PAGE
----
Does anyone remember Spicy Luke’s restaurant in Ottawa?

I know very little about Luke Campbell but a few decades ago I faithfully sought out his legendary Jamaican meat patties. I remember his location off of Prince of Wales near Meadowlands and also when he was located at Bank and Alta Vista. He offered pies of different heat intensities and I often went for a dozen ‘hot’. He was always so friendly with his customers so it’s no surprise that I came out with more product than I had planned. The patties did freeze well and if I was going to make the drive that far across town, I might as well get a supply.

In the early 90’s I found a recipe that looked like it could rival Luke’s patties. It was found in Canadian Living’s County Living by Elizabeth Baird and The Food Writers of Canadian Living. It wasn’t where I expected I would find authentic Jamaican fare. We hit the jackpot. The recipe was very close to Chef Luke’s creations.

I recommend making the dough and the filling one day and doing the assembly the next. Otherwise, it becomes a long project. The extra day allows the flavours in the filling to mellow together. And the dough will be well chilled. The recipe makes 36 patties. The recipe can be easily halved.

Luke Campbell, if you are still cooking it up in Ottawa, know that your famous patties are sadly missed.


JAMAICAN MEAT PATTIES
Adapted from Canadian Living’s Country Cooking by Elizabeth Baird and The Food Writers of Canadian Living

CRUST:
4 cups all-purpose flour
4 teaspoons baking powder
2 teaspoons medium or hot curry powder
1 teaspoon salt
1 teaspoon turmeric
1 1/3 cup Crisco shortening, slightly chilled
1/2 cup butter, slightly chilled
1 cup cold water

FILLING:
3 tablespoons vegetable oil
2 large onions, very finely diced
2 cloves garlic, minced
2 pounds medium ground beef
3 tablespoons hot curry powder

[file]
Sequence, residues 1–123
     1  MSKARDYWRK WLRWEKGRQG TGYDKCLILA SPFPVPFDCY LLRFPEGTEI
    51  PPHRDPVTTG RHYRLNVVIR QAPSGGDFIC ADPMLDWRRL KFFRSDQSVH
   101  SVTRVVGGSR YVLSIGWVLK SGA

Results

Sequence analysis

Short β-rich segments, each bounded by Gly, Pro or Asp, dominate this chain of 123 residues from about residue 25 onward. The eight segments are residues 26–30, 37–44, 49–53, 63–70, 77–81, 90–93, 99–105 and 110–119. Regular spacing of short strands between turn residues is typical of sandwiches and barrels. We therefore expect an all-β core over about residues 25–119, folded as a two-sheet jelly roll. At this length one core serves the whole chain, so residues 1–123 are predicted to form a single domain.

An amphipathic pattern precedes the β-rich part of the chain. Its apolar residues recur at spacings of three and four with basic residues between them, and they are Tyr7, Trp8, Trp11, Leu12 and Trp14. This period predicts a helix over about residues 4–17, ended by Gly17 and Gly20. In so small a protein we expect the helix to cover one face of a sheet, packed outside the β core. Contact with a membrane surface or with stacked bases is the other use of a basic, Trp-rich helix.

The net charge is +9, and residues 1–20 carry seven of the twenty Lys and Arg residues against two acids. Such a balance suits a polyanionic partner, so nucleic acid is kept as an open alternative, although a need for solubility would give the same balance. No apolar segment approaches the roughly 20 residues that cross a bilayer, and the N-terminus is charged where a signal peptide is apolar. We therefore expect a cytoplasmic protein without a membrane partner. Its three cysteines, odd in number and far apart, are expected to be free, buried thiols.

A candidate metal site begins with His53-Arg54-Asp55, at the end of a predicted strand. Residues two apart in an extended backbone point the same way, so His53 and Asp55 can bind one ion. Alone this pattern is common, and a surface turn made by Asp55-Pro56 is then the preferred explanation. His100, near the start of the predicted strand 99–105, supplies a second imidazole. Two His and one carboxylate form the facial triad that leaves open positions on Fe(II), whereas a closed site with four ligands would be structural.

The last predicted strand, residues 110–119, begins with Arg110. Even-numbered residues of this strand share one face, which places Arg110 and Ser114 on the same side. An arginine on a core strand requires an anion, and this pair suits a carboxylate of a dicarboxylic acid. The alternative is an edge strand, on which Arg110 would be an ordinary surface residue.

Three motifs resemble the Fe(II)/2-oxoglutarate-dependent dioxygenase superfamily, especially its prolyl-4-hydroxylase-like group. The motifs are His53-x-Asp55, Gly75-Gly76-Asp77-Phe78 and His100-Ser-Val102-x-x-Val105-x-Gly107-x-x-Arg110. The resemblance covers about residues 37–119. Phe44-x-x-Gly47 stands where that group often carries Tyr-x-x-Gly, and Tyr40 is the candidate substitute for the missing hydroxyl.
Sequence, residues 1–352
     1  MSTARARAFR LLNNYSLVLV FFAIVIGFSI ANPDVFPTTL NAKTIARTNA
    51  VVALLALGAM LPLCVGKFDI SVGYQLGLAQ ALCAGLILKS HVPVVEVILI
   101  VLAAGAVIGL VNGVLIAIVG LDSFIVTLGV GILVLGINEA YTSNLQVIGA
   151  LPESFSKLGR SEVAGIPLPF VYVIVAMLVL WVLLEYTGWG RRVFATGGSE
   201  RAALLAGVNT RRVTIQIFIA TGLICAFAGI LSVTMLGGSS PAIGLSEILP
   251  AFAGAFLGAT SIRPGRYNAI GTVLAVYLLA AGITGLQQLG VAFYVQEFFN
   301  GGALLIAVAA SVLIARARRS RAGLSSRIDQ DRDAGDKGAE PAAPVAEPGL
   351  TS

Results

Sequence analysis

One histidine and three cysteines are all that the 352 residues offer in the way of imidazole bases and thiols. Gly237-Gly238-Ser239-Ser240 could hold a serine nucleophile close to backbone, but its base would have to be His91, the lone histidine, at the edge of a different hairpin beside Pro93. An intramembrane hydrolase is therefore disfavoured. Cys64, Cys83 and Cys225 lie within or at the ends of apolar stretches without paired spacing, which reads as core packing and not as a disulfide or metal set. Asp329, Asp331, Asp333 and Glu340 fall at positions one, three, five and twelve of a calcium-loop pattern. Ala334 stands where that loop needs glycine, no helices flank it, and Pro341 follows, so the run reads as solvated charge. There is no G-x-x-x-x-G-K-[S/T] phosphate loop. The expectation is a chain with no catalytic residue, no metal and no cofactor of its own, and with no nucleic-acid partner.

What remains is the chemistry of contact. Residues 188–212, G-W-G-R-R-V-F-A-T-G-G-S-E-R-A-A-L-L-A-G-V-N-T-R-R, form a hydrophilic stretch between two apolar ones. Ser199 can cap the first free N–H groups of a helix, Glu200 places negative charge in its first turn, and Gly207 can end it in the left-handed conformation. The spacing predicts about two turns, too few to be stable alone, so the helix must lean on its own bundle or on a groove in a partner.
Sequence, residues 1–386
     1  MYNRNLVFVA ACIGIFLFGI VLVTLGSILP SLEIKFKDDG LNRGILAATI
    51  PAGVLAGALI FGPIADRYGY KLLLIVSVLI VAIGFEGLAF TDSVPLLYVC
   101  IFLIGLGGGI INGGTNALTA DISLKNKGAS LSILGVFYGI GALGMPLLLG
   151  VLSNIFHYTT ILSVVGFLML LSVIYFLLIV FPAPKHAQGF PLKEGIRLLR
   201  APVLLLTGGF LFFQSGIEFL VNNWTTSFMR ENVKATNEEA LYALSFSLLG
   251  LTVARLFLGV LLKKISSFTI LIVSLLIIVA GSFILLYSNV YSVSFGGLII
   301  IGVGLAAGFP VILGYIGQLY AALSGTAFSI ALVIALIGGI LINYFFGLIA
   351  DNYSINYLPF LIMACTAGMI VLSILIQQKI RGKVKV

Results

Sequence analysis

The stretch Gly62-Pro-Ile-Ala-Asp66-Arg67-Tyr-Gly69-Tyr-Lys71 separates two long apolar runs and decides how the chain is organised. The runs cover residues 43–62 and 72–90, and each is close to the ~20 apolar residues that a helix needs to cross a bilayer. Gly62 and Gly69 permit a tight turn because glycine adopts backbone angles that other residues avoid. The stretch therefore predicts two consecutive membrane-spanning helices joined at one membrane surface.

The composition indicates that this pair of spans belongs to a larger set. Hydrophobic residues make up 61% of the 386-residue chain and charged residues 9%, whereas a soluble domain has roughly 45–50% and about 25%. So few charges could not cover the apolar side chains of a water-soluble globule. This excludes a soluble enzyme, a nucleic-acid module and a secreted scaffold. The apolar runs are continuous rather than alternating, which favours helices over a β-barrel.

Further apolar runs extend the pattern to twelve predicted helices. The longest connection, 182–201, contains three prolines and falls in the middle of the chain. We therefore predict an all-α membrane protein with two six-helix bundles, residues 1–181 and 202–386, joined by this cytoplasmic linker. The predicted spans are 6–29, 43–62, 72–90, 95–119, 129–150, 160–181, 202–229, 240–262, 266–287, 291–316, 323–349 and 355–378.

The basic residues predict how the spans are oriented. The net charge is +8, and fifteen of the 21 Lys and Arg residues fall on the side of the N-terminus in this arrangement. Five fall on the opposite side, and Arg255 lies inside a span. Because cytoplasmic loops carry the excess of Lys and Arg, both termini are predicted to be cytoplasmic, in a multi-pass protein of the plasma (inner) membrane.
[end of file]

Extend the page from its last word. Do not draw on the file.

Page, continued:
1 1/2 teaspoons ground thyme
1 tablespoon cayenne pepper
3/4 teaspoon salt
1/4 teaspoon pepper
2 cups water
1 cup bread crumbs, fine

CRUST:
Combine the flour, baking powder, salt, curry and turmeric. Stir well.

Cut in chilled shortening and butter, using a pastry cutter until mixture resembles small crumbly pieces. Add water slowly and stir with a fork until you have a soft dough.

Wrap the dough in saran wrap and refrigerate at least 1 hour. The dough can be kept for up to 5 days or frozen for up to 3 weeks. I usually chill the dough and do the patty assembly the second day.

FILLING:
In a large skillet heat oil over medium heat. Cook onions and garlic until soft. Remove onion mixture and set aside.

Brown the lightly salted beef until it is no longer pink. Make sure there are no large chunks. Drain off the fat. Stir in the onion mixture, curry, thyme, cayenne, salt and pepper. Cook for about 3 minutes to bring out the flavour of the spices.

Pour in the water, bring to a boil, reduce heat and cook for about 5 minutes. Stir in the bread crumbs. Mixture can not be runny but it is important that it is moist. Cool well. I cover it and store in the fridge to use the next day. It can be frozen for up to 2 months.

ASSEMBLY:
Roll out a 1/4 of the dough between two pieces of wax paper. You will need to dust the wax paper with flour and also lightly dust the dough. Cut into 4″ circles. I use a yoghurt container. I can usually get 6 circles with each portion. Collect up the odd bits of dough to be re-rolled.

After all the 6 circles are cut, take one at a time, and spoon on filling. I use my soup spoon and form an egg size ball. Wet the edge of the dough, fold dough over to create a half-moon, pinch the seam and seal the edges by crimping with a fork. Prick the dough twice.

Place on ungreased baking sheet and bake in preheated 370ºF oven for 20 to 25 minutes or until golden brown.

The patties freeze well. To reheat, place in a preheated 375ºF oven and bake for 20 minutes. (I place the patties on stoneware to reheat. Use a baking sheet if you do not have one.)

This recipe yields 36 meat pies.

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